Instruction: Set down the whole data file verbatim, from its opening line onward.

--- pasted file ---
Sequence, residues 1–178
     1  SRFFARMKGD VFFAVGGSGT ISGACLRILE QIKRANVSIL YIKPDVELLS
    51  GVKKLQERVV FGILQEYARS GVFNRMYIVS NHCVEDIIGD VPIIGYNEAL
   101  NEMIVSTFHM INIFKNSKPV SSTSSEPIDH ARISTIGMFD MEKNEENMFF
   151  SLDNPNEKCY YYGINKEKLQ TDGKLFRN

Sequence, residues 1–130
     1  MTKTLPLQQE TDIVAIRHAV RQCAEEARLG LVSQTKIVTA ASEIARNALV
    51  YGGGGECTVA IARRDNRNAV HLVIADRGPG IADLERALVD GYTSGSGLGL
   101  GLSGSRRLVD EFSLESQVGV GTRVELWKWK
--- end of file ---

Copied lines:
Sequence, residues 1–178
     1  SRFFARMKGD VFFAVGGSGT ISGACLRILE QIKRANVSIL YIKPDVELLS
    51  GVKKLQERVV FGILQEYARS GVFNRMYIVS NHCVEDIIGD VPIIGYNEAL
   101  NEMIVSTFHM INIFKNSKPV SSTSSEPIDH ARISTIGMFD MEKNEENMFF
   151  SLDNPNEKCY YYGINKEKLQ TDGKLFRN

Sequence, residues 1–130
     1  MTKTLPLQQE TDIVAIRHAV RQCAEEARLG LVSQTKIVTA ASEIARNALV
    51  YGGGGECTVA IARRDNRNAV HLVIADRGPG IADLERALVD GYTSGSGLGL
   101  GLSGSRRLVD EFSLESQVGV GTRVELWKWK